Never have I read Tolkien novels. I was so young when the Lord of the Rings (LOTR) trilogy came out as a big hit. My cousins love those movies. We used to watch them together at our late grandparents’ house. But I always fall asleep. To my defense, I was only about ten then. I didn’t know better than the fact that Legolas is super handsome that my favorite t-shirt was a red one with his face printed on it. Years passed and I grew up to appreciate literature and with the intention to read then watch the trilogy. Now that the prelude is coming to theaters soon (and the first LOTR book was checked out) I started my streak with The Hobbit.
Only three pages have been flipped yet I’m already struggling. I can stand reading maps although I don’t do that a lot – nobody has to anymore, thanks to GPS (whatever that stands for). But an entirely new alphabet made my eyebrows meet and my forehead wrinkle. Bad sign. They are runes. If you’ve never heard of them, don’t feel bad. That’s normal. I’m sure it’s not part of any school’s curriculum. But if you must know, the photo on the left is a part of Thror’s map – the ultimate guide of the unexpected journey – and it translates to Five feet high the door and three may walk abreast. Anyway, I almost gave up reading when I saw the map. It’s filled with stuff I can’t make sense of. And I was too lazy to research. So I just kept flipping until it said Chapter 1, and I read on. Not too long after that, I made a mental note: Novel is not in Runes but in English. Relief.
Tolkien took me to a different world. A world unknown to man, where dwarfs and elves and hobbits dwell, wizards have wands waved with a spell, where eagles and ravens among other birds can speak, and goblins and dragons make our heroes freak. And that attempt at poetry is to say that there are also rhymes that the characters sing although the melody is a big question. If you read to relax and forget everything going out in the world, this book would do you good. I felt like I’ve escaped my weary world and followed a thrilling adventure. I was not a part of it though, just a spectator. Effortless. With just one book and more to go, I already am a big fan of Tolkien. He epitomizes the leisure of reading. I was unwinding and learning simultaneously.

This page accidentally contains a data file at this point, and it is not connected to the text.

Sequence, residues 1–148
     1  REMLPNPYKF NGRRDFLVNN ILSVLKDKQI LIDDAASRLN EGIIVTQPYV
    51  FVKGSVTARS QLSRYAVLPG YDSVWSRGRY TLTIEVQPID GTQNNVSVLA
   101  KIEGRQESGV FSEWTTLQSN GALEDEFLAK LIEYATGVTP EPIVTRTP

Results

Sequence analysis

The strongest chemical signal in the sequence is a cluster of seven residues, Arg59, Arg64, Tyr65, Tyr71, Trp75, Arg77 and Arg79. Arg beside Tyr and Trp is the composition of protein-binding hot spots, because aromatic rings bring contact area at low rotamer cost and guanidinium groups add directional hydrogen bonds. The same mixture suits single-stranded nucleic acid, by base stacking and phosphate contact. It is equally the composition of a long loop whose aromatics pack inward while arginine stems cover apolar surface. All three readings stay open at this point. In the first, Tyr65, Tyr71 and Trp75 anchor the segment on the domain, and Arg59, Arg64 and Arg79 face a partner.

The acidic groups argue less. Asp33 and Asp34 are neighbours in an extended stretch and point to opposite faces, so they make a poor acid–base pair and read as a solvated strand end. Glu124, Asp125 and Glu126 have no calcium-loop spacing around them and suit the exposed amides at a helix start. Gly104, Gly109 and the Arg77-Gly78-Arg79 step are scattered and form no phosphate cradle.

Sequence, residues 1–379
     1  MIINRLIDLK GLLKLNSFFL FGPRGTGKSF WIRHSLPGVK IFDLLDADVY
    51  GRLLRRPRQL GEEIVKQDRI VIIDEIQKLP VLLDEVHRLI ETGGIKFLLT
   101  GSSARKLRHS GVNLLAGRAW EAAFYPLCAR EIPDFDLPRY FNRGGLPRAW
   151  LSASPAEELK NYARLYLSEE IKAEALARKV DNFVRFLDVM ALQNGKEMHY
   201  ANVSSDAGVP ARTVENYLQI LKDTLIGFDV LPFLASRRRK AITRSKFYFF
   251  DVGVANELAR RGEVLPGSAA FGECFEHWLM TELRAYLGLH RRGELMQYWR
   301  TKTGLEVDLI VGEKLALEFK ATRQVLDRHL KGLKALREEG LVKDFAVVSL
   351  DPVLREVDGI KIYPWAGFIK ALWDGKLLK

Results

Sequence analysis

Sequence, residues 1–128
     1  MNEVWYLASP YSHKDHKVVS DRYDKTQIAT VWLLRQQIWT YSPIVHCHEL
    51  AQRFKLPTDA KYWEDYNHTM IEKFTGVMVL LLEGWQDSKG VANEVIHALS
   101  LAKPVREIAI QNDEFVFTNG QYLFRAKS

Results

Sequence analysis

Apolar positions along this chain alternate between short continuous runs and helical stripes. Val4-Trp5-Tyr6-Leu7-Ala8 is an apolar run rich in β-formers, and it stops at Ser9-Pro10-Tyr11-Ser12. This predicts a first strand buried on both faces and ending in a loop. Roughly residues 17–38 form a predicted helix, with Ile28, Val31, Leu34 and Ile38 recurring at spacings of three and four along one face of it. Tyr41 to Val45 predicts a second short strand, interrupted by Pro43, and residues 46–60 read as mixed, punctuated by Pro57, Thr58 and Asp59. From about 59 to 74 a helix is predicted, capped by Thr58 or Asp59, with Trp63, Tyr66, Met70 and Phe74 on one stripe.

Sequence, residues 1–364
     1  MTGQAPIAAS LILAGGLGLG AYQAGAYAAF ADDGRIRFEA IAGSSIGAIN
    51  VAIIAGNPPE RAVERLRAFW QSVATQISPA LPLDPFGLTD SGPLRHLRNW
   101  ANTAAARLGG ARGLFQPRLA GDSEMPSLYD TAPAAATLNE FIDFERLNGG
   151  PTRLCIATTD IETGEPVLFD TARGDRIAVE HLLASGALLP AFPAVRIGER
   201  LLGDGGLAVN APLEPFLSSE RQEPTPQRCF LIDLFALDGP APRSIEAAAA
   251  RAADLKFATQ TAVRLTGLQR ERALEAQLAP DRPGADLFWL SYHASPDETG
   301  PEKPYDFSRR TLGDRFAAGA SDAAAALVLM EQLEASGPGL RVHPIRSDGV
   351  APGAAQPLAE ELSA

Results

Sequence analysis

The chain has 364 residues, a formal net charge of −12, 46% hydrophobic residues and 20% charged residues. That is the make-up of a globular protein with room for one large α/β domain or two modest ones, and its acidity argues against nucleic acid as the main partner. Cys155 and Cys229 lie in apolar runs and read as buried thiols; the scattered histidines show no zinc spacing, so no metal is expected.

The hobbit’s name is Bilbo Baggins. He has not been to any adventure until a friend, Gandalf, invited him to one. He was hesitant. And Thorin & Company, his adventure dwarf buddies, were even more doubtful of him. They cannot understand how an inexperienced hobbit could come in handy in their quest to retrieve treasures guarded by a fire-breathing dragon called Smaug. But they respected Gandalf as a wise wizard. He handpicked Bilbo and assured the dwarfs that he would be of good use when the occasion calls for him to be. Even I had my doubts on that. But the wizard was right. And Bilbo turned out to be a lot more than he thought he was. We all have potentials, most of them we cannot see. That’s what makes crisis an opportunity for self-actualization. If life were too easy, we would never be able to unleash our natural abilities.
Another remarkable point to ponder is greed. Regardless of status – high, middle, or low income – we all want more than what we already have. Enough is as far a goal as the heavens. The homeless wants a cottage, the one with a cottage wants a town house, the one with a townhouse wants a mansion, the one with a mansion wants a castle, the one with (well, you get the picture). Tolkien shows us discontentment and reminds us that if we only appreciate what we have been blessed with, we could be happier – at peace with ourselves, and the world at peace with itself.